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Wednesday, February 1, 2023

Franklin hits the southern half of the Yucatán Peninsula

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Weather Channel radar shows Tropical Storm Franklin at 5:30 a.m. Tuesday.

Tropical Storm Franklin made landfall at tiny Pulticub, Quintana Roo, just before 11 p.m. Monday, where it immediately weakened as it began its journey across the Yucatán Peninsula.

Winds early today were recorded at 50 mph (80 kph), and are expected to weaken as long as the storm is over land, said the National Hurricane Center in Miami. Pulticub is about 180 miles south of Cozumel.

NOAA weather track shows Franklin’s path across the lower half of the Yucatán Peninsula.

That journey will end later today as it hits the Bay of Campeche, and make landfall again on the other side in Veracruz by Thursday. By then, NOAA’s Hurricane Center says Franklin will gain strength again and could become the Atlantic Basin’s first hurricane of the season.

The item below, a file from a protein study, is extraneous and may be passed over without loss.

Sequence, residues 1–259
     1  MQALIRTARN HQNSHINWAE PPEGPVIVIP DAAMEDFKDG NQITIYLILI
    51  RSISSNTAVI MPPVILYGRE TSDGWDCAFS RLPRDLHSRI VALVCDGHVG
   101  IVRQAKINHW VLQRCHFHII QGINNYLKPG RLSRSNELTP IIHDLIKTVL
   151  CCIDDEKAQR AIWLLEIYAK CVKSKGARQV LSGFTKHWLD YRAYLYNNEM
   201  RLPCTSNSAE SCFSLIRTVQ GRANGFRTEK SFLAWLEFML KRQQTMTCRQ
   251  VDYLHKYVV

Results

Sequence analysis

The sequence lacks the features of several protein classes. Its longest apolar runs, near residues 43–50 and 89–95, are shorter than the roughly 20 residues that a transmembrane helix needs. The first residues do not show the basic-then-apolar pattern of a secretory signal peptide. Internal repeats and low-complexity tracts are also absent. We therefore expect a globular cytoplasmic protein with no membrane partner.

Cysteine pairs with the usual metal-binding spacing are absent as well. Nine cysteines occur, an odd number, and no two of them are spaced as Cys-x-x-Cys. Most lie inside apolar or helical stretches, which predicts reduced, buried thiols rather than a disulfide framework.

Quintana Roo state authorities moved residents from vulnerable coastal villages to shelters. Business along the coast were urged to close and the Chetumal airport shut down overnight.

Franklin is moving west-northwest at about 10 to 15 mph across the Peninsula, bringing bands of heavy rain with gusty wind. Campeche City clocked a wind gust of 46 mph late Monday.

Tropical storm warnings are in place across most of the Peninsula, from Cancún and across the southern border into Belize City.

Strong wind gusts from Franklin may cause some tree damage and power outages in the Yucatan Peninsula through Tuesday.

As of Tuesday morning, the storm has had little effect on Yucatán’s larger cities to the north, but there were ominous signs, some mentioned on social media.

“I know a storm is coming,” posted one expat in Mérida. “Not a bird making a peep.”

Sources: NOAA, Weather Channel, Associated Press

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